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CATEGORIES [ ASCO2010 ]

For acute lymphoblastic leukemia patients, new hope from an old treatment

BY JON GARINN | JUNE 6, 2011

More than 50 years ago, renowned cancer researcher Sidney Farber, MD, began using methotrexate to treat children and young adults with acute lymphoblastic leukemia (ALL), a rare disease that was almost always fatal. Methotrexate kills leukemia cells by inhibiting their ability to use folate, an essential vitamin. Today, with methotrexate used in various combinations and dosages, survival rates are above 80 percent.

ALL begins in the bone marrow and spreads rapidly. For the last two decades, ALL patients were treated with methotrexate and asparaginase (known as the Capizzi regimen), starting with a low dose of methotrexate that was gradually increased as patients grew more tolerant. Capizzi successfully prevented relapses of ALL in the bone marrow. Yet relapses of the disease that occurred in the central nervous system persisted, prompting scientists to search for more effective regimens.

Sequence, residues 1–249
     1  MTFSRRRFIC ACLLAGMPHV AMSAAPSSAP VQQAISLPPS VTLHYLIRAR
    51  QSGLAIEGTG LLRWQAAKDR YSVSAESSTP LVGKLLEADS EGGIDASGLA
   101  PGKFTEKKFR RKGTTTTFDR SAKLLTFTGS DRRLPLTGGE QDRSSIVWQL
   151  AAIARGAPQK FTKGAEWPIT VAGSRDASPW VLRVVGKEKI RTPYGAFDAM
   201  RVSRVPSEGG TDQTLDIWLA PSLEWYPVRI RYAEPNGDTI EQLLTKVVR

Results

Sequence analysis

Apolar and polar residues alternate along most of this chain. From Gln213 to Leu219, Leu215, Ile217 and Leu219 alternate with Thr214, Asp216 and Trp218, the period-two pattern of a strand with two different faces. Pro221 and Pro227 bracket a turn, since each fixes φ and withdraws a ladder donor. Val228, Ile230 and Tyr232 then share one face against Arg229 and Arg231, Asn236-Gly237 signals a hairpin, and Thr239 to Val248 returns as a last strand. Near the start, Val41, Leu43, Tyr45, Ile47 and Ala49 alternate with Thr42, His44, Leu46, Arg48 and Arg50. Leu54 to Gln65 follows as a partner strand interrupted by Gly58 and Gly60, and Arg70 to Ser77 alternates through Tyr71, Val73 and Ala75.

New research has shown that high-dose methotrexate--50 times higher than standard treatment--improved five-year event-free survival with no greater significant side effects.

In a randomized phase 3 study of 2,426 patients, researchers showed that a high dose of methotrexate, accompanied by leucovorin to help control side effects, was "clearly superior to the standard treatment," according to Eric Larsen, MD, of Maine Medical Center in Portland, Maine. In fact, the researchers stopped enrolling new patients and encouraged eligible patients to switch to the new regimen after a planned interim analysis showed that those receiving high doses had a five-year event-free survival of 82 percent compared with 75.4 percent for the Capizzi regimen.

Larson adds that the researchers were surprised to learn that patients in the high-dose arm also had lower rates of febrile neutropenia: 5.2 percent compared with 8.2 percent in the Capizzi arm.

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